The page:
What to eat in Chinatown?
We'll be in Boston in two weeks, and I've allocated at least 1 meal to Chinatown. I've read plenty of recommendations on restaurants, I'm looking for recommendations on WHAT to eat. I'm adventurous, my wife not so much, and neither of us really know much about chinese food. This may be our only meal in Chinatown, preferrably non-seafood (we've got plenty of seafood on our agenda), not Peking duck (not sure I can plan it), not dim sum. Here in Lubbock we have maybe 8-10 Chinese restaurants, very popular for cheap buffets and combo plates. I'm looking for something I can't get at home.
I like the Peach Farm and East Ocean City. You will find that most of Chinese places in Boston lean heavily on seafood due to the fact that there is an abundance of it in the area. You might try a half portion os tea smoked roast duck which can always be ordered without advance notice. The clams with black bean sauce are also a great choice along with a lobster done Chinese style stir fried with scallions and ginger. The peach Farm also has shrimp with garlis has is very good. I am sure you find the Chinese food in Boston much different and better than in Texas. Enjoy
Here are my favorite dishes at Peach Farm. If you are only going to one restaurant in Chinatown, in my opinion, it should be Peach Farm.
They have the best hot and sour soup anywhere. Get a single-serving bowl if your wife won't eat it. The "small" bowl that they have on the menu is enough for four people.
Get a half roast-duck. It's on the bone, but there's plenty of succulent meat; I think you'd love it. They also make a great version of orange-flavored beef; the half chicken with Ginger and Scallions is fantastic, if you like fresh ginger. Pork in Garlic Sauce, Chicken in Black Bean Sauce, Strange Flavor Chicken...all really good.
Chicken with Cashew Nuts, Tofu Family Style, and if you like vegetables, get the chinese broccoli in garlic sauce (I can't remember now, but it might be spinach in garlic sauce...anyhow, it's really great).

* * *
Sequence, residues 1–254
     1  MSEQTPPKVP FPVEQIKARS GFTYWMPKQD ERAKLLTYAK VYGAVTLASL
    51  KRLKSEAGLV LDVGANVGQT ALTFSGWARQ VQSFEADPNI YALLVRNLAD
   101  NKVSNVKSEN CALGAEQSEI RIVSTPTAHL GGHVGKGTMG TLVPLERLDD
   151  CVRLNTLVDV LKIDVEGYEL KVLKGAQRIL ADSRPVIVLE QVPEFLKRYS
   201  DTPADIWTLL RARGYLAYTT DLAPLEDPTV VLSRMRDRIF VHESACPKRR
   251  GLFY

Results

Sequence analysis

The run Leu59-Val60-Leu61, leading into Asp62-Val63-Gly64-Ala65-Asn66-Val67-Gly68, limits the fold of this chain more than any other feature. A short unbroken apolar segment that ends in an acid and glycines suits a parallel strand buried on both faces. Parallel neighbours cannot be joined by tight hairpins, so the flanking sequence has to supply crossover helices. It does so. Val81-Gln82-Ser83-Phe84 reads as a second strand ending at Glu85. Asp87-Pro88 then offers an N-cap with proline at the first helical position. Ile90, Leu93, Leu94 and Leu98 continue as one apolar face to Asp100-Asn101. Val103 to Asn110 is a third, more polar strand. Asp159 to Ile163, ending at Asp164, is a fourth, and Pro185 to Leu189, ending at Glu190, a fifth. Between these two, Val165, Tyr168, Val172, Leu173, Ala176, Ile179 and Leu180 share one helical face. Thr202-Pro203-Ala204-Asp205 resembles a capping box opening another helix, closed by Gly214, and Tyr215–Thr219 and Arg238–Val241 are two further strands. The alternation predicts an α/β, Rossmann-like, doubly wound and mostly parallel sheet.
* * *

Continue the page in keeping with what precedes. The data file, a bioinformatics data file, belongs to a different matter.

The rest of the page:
I know you said no seafood, but if you change your mind, get the shrimp with walnuts, the Peach Farm special flounder, the clams in black bean sauce, or the 8 delights hot pot.
Whatever you order will be great; just do me a favor and stay away from the traditional Chinese-American dishes on the menu (fried rice, egg foo yong, chow mein). I'd hate to see you waste a visit on that stuff.
Given your specifications -- not seafood, not peking duck, not dim sum, mix of adventurous palates and not so much -- I'd STRONGLY recommend Taiwan Cafe. Their menu is much less seafood-intensive than some of the other board favorites (like Peach Farm), and more to the point, they do everything on their menu well -- there's nothing we need to warn you against.
Unlike almost every other restaurant in Chinatown (many of which are superb, but primarily in their specialties), TC doesn't put chinese-american dishes on its menu to cater to people who "wouldn't like" the real stuff. Which isn't to say it's all duck tongues and pig intestines -- there are lots of items on the menu that would appeal to less adventurous palates, it's just that you don't need a secret handshake or special menu in order to find what they take pride in. The staff is also pretty helpful about telling you if a pork dish is, for instance, made with an especially fatty cut that you may or may not want.
As for specific dishes, some of my favorites are the pan-fried dumplings, the eggplant with basil, the beef with poblano peppers, the chinese sausage appetizer, mustard greens with tofu and edamame, just to name a few. Lots of people like the steamed soup dumplings, although I'm not nuts about them. If you do a search you'll find lots of other recommended dishes. Good luck and let us know where you end up and how you like it!
Try the Shanghainese food at New Shanghai. Ask for the "pearl meatbals" - meatballs coated with a layer of glutinous rice and steamed; it's on the white board as you walk in (might be in Chinese, but it worth the tiny extra effort of asking what the items are). 4 flavoured tofu is actually kaofu, a gluten rather than a tofu dish, sweetly flavoued (although not as sweet as the versions you'll get in Shanghai) with a hint of dark spices like star anise. Pan fried pork buns are a great Shanghai street snack. I really like their stir-fried rice cake with pork & veg. Consider the stir fried beef with green peppers. If they have glutinous rice dumpling with rice wine and osmnthus flowers for dessert ("tang yuan" - on the white board) get it, it's great.